Larry Walters, superintendent of schools in Lee County, says the agreement with Columbus State University is a great opportunity for educators in Southwest Georgia. (File Photo)
LEESBURG — Lee County’s public school system and Columbus State University have entered into an agreement for CSU education professors to teach in Leesburg a group of system educators pursuing CSU’s education doctorate.
A memorandum of understanding for CSU to serve this Leesburg-based cohort of students pursuing the Ed.D. in curriculum and leadership will be signed during a ceremony and reception from 3:30-5:30 p.m. Monday in the Lee County Board of Education board room at 126 Starkville Ave. North in Leesburg.
“The Leesburg cohort represents a significant step in the growth in our Ed.D program,” said Tom Hackett, CSU provost and vice president for academic affairs. “We’re delighted to develop this partnership with the Lee County school system. Leadership in curriculum development and program assessment has never been more critical for education in Georgia than today. This partnership is a significant step forward in the development of leaders for schools in Georgia.”
CSU’s Leesburg-based education doctorate classes, which will begin this summer, offers an opportunity for principals and other educational leaders to acquire the skills, knowledge and dispositions necessary to provide exemplary leadership and effective management for educational organizations.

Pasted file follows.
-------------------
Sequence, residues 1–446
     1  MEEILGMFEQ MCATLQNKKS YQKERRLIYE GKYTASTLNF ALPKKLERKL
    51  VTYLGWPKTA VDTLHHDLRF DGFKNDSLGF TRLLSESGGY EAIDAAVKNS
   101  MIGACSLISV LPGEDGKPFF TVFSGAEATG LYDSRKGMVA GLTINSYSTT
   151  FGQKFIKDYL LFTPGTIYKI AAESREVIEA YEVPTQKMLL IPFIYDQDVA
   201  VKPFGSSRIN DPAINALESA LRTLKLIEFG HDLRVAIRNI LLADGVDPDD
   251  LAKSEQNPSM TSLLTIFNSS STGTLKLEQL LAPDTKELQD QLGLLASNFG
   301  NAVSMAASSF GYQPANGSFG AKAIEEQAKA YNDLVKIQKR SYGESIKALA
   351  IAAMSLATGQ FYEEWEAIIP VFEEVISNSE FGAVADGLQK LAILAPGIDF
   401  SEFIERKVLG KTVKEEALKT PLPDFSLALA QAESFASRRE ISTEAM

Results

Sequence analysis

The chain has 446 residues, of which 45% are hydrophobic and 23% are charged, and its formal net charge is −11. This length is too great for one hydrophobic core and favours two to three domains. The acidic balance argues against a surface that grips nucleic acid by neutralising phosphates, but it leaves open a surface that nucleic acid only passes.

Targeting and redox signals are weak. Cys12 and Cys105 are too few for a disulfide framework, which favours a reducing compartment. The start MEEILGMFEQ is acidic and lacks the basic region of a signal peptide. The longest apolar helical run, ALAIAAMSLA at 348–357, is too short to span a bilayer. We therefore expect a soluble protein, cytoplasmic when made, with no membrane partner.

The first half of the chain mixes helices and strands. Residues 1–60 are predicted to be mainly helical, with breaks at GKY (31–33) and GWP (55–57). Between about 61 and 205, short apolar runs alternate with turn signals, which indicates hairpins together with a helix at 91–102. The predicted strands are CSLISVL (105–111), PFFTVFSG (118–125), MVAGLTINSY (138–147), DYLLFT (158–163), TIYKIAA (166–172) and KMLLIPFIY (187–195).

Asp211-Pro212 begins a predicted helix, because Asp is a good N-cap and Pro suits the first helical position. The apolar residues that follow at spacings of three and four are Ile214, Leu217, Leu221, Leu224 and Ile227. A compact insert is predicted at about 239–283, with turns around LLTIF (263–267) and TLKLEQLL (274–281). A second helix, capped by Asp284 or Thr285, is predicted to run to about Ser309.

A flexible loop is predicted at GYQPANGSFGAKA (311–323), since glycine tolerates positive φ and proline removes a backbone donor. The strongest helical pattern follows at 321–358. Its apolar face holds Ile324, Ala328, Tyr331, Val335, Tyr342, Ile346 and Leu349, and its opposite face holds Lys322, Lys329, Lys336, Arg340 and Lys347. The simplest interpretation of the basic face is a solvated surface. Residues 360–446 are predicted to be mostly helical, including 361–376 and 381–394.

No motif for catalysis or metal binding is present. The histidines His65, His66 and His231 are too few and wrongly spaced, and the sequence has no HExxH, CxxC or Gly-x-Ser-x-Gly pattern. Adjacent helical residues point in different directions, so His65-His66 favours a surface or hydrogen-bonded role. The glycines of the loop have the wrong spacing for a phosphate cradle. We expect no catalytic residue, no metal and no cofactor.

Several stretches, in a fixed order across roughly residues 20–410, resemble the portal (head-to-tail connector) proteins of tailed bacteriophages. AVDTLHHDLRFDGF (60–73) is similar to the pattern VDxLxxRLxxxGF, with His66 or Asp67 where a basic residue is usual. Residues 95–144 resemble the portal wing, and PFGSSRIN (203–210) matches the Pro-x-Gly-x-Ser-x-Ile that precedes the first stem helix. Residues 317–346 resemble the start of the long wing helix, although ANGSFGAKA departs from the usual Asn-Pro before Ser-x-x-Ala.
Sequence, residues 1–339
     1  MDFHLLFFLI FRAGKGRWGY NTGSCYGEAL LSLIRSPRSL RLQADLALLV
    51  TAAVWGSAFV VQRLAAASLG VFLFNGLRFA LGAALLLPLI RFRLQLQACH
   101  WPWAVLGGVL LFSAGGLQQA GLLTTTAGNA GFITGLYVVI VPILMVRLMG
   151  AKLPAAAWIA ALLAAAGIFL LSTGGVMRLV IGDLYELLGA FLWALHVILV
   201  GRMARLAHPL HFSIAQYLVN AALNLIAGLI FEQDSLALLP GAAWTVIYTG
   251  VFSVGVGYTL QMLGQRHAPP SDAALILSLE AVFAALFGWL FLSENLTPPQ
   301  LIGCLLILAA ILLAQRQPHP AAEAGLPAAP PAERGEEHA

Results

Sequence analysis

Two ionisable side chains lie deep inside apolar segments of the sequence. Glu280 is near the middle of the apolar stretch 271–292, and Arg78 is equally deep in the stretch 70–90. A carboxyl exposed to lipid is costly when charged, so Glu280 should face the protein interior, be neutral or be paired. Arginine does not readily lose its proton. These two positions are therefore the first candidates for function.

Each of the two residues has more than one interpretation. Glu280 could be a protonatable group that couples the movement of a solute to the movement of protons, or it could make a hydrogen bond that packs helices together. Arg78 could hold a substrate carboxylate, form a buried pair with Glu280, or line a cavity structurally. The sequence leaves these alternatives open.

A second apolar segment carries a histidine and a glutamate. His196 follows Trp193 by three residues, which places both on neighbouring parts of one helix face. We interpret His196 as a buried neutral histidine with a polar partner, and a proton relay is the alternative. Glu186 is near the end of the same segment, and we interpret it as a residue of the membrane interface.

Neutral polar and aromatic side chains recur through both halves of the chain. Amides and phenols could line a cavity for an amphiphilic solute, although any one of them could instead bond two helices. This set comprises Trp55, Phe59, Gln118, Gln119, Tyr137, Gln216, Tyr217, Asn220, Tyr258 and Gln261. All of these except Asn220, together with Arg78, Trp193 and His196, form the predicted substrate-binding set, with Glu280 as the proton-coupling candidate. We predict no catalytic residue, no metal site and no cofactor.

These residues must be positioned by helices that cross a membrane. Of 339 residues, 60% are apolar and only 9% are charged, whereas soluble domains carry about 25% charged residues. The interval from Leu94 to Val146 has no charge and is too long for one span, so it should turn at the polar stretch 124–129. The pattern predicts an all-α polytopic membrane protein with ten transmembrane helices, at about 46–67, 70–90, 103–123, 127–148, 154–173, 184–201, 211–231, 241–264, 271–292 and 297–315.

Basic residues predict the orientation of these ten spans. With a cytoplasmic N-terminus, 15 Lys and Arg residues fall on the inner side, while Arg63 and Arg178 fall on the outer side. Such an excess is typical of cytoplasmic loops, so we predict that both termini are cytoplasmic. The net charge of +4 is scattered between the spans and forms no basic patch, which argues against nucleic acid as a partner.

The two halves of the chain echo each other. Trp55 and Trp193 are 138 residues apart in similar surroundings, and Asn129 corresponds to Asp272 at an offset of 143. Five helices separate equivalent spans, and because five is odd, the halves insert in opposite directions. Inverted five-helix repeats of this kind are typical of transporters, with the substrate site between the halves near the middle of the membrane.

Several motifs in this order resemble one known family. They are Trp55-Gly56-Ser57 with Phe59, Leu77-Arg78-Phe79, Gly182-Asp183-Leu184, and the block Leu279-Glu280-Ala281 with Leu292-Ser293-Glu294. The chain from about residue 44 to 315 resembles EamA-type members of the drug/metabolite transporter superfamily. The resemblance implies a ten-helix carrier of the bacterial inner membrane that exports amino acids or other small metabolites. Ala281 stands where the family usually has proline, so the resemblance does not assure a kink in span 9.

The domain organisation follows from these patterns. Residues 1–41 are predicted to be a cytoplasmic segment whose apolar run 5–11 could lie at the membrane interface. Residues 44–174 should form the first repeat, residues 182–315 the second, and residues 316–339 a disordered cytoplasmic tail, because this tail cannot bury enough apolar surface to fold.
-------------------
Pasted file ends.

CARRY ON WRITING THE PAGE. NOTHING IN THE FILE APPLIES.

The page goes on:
Lee County’s school system is providing the classroom space at West Middle School, 190 Smithville Road, for the inaugural 20-student class.
“This is just a wonderful opportunity for educators in southwest Georgia,” said Larry Walters, Lee County schools superintendent. “Not only for employees in Lee County, but (also) surrounding areas. People are so thankful for this because people need a degree like this to advance in their careers.”
Family concerns and other obligations make it impossible for many prospective students to drive the 85-90 miles to Columbus or Valdosta State University to pursue such a graduate degree, he said.
“(I) had a woman come up to me after a meeting and tell me what a true blessing this is for her,” Walters said. “ Without a terminal degree, a lot of educators in their area, their careers would be dead in the water.”
The program will provide its students with three years plus one semester of a custom-designed core curriculum taught by CSU’s education faculty.
The Ed.D. program director, Michael D. Richardson, CSU’s Fuller E. Callaway Chair in Education Leadership, will teach its first two classes. Two eight-week classes will be taught consecutively each semester. They are hybrid classes with the professor teaching onsite in Leesburg for one week, and students taking course classes online the next week.
“The length of the program is unusual and is set up in such a way that the doctoral dissertation classes and the chapters of the dissertation are taught at the same time as the coursework,” said Michael Johnson, assistant coordinator of the Educational Leadership Program. “By doing it this way, we are ensuring that more people will actually complete the degree.”
Some studies have shown that, nationally in education, 70 percent of students fall short of a doctorate because they complete coursework but never get the dissertation done.
For more information on the program, visit http://ColumbusState.edu/doctorate.